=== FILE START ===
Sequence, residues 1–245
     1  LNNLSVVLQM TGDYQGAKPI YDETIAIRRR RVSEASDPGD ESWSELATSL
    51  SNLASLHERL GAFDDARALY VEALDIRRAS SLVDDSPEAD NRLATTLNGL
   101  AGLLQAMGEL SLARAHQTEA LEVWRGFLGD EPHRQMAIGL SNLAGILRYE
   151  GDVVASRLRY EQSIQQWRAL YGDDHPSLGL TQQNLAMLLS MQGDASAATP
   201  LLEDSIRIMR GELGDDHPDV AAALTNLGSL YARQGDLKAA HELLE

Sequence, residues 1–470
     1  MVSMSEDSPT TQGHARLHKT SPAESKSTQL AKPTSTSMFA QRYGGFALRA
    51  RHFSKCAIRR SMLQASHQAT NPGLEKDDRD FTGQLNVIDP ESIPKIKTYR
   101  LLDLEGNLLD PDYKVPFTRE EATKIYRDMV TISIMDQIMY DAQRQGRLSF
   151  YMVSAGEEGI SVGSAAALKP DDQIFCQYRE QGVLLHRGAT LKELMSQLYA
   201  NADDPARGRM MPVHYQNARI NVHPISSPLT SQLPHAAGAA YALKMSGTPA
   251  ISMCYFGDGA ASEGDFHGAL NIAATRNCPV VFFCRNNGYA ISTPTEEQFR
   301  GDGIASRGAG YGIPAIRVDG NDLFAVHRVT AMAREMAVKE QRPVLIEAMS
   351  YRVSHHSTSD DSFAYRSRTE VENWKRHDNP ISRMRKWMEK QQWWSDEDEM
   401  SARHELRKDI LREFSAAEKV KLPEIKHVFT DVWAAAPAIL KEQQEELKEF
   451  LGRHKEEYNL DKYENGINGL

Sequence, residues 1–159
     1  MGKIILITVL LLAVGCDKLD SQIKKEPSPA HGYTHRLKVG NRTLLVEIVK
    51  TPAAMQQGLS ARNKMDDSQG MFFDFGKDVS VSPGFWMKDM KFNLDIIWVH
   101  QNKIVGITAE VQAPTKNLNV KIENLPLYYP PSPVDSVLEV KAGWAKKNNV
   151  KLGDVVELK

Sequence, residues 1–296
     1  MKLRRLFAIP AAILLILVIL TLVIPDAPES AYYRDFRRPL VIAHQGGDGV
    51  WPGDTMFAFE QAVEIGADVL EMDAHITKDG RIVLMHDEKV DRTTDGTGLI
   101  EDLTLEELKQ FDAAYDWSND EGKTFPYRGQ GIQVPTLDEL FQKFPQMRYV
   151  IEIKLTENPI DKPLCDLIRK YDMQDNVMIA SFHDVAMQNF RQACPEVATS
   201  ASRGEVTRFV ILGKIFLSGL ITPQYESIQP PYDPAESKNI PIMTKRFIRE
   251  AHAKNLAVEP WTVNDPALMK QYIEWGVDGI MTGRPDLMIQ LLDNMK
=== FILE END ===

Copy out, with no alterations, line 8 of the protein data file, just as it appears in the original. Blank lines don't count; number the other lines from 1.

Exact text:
     1  MVSMSEDSPT TQGHARLHKT SPAESKSTQL AKPTSTSMFA QRYGGFALRA